Manuela Huso earned an M.S. in Statistics from Oregon State University, an M.S. in Evolutionary Ecology from the University of Oregon and a B.A. in Biology from Whitman College.  She joined the USGS Forest and Rangeland Ecosystem Science Center (FRESC) as a Research Statistician in 2011 to address statistical issues involved in determining the effects of wind power development on wildlife and habitats.  Before coming to the USGS she spent more than 20 years as a statistician at Oregon State University, teaching statistics to students in natural resources and collaborating with faculty and students in the College of Forestry to design research studies, develop appropriate statistical models, analyze data and interpret results. Since 2004, she has been involved in pre-construction study design and analysis as well as post-construction deterrent and curtailment study design at several wind power generation facilities.  Her recent research has focused on improving estimators of fatality in order to better assess the effects of wind power generation facilities on wildlife and the potential for mitigation of these effects through deterrent or management techniques.  Ms. Huso serves on the National Wind Coordinating Committee’s Wildlife Working Group, and The Wildlife Society’s Renewable Energy Working Group and the US Fish and Wildlife Service’s Eagle Technical Assistance Taskforce.  She is a member of Sigma Xi, The International Environmetrics Society, The Wildlife Society and the American Statistical Association, for which she has served as treasurer, vice president and president of the Oregon Chapter.

 

 


Doug JohnsonDouglas Johnson, Research Statistician and Senior Scientist, U.S. Geological Survey

Dr. Johnson received a Ph.D. in Zoology from North Dakota State University, an M.S. in Statistics from the University of Wisconsin, and a B.A. in Mathematics and Psychology from the University of Minnesota.  In 1970, Dr. Johnson joined the USGS’s Northern Prairie Wildlife Research Center, where he is now Research Statistician and Senior Scientist.  Dr. Johnson’s expertise is in the fields of statistics, monitoring and inventory methods, quantitative ecology, and avian biology.  Currently he, together with colleagues and students, is investigating the influence of wind turbines on breeding grassland birds, using acoustic and ultrasonic monitors to assess the intensity of low-level flights of birds and bats, Identifying migration pathways along and across the Great Lakes, and developing a Rapid Assessment Method for assessing risks of wind development to wildlife and their habitats.  He has been involved with wind-wildlife issues for more than a decade and has served the National Wind Coordinating Collaborative and The Wildlife Society.  He has published numerous scientific articles, and coauthored several recent reports on wind-wildlife issues.  He is an Honorary Member of The Wildlife Society, a Fellow of the American Ornithologists’ Union, and a member of American Association for the Advancement of Science, American Statistical Association, Biometric Society, Royal Statistical Society, Institute of Mathematical Statistics, Ecological Society of America, Cooper Ornithological Society, Wilson Ornithological Society, Society for the Study of Chaos Theory in Psychology and Life Sciences, and the Great Plains Natural Science Society (past president).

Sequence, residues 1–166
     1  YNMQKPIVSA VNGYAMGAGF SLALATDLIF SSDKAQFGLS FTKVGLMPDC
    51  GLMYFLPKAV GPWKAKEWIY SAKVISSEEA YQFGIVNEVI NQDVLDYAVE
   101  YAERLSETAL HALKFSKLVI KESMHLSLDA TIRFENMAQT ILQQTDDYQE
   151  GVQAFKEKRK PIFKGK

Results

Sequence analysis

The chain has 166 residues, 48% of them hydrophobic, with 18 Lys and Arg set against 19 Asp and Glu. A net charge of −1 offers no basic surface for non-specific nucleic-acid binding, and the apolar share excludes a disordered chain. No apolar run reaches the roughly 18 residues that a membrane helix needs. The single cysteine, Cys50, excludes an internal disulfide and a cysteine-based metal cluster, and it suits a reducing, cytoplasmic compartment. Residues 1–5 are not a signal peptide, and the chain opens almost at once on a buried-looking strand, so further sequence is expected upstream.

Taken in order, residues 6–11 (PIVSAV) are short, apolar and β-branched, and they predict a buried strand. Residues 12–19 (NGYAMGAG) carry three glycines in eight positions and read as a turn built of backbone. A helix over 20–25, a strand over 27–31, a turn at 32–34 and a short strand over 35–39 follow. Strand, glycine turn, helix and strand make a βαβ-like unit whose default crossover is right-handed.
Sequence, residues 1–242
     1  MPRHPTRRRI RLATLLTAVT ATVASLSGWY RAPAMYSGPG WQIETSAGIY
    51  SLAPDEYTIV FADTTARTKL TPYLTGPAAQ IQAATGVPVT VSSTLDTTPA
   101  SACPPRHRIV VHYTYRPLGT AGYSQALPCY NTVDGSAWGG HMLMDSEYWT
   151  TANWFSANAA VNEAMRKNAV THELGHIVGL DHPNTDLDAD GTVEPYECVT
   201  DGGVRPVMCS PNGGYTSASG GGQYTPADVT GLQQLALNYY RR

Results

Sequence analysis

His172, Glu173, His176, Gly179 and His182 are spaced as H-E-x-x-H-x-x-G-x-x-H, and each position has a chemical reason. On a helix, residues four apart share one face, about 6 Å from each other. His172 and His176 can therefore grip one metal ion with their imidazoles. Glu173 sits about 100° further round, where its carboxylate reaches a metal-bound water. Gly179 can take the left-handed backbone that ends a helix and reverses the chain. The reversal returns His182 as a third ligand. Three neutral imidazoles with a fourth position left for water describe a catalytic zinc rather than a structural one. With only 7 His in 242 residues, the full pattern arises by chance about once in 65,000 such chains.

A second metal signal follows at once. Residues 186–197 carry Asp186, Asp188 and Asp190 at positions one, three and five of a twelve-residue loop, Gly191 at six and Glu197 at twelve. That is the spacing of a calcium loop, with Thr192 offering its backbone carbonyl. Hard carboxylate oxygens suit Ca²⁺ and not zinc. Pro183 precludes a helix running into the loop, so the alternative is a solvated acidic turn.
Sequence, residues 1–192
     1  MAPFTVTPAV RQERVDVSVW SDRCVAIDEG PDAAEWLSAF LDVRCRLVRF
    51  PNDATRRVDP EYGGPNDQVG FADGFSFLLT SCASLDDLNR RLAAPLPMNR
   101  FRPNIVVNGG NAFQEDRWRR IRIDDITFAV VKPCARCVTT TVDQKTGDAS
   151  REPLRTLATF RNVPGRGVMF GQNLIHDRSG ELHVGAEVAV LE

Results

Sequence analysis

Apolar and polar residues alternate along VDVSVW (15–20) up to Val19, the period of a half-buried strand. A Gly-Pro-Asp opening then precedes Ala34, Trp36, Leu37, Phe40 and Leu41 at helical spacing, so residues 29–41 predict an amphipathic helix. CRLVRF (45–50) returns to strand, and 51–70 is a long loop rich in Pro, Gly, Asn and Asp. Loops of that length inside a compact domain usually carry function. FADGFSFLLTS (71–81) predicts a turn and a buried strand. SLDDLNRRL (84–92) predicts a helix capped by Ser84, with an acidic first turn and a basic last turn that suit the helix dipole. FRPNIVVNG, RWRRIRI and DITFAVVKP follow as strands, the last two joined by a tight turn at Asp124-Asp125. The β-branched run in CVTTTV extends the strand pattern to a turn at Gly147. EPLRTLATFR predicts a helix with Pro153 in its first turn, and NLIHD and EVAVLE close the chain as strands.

Dale StricklandDale Strickland, President & Principal Ecologist, WEST, Inc.

Dale Strickland is President and Senior Ecologist with Western EcoSystems Technology, Inc (WEST). He received a B.S. in Zoology in 1969 and an M.S. in Wildlife Management in 1972 from the University of Tennessee and a PhD in Zoology from the University of Wyoming in 1975. Dr. Strickland has over forty years of experience in ecological research and wildlife management. He is author of more than 100 papers, technical reports and book chapters in the scientific and popular literature on wildlife research and natural resource conservation and management. Dr. Strickland has served as a peer reviewer for several scientific journals, the National Renewable Energy Laboratory, the California Energy Commission and served two years as an Associate Editor for the Journal of Wildlife Management. Dr. Strickland is a member of the National Wind Coordinating Committee’s Wildlife Working Group, and the U.S. Fish and Wildlife Service’s Communications Tower Working Group. Dr. Strickland also served on The National Academies, National Research Council, Committee on Environmental Impact of Wind Energy Projects and the Wildlife Society’s Committee reviewing the wildlife impacts from wind power development. Dr. Strickland served as a technical advisor to the Federal Advisory Committee developing recommendations for the U.S. Fish and Wildlife Service to consider as they revised wind energy development guidelines. on the. He is a member of the Ecological Society of America, Certified Senior Ecologist and a member of the Board of Professional Certification; The Wildlife Society, Certified Wildlife Biologist; the American Statistical Association; and, the Wyoming Chapter, The Wildlife Society, Past President.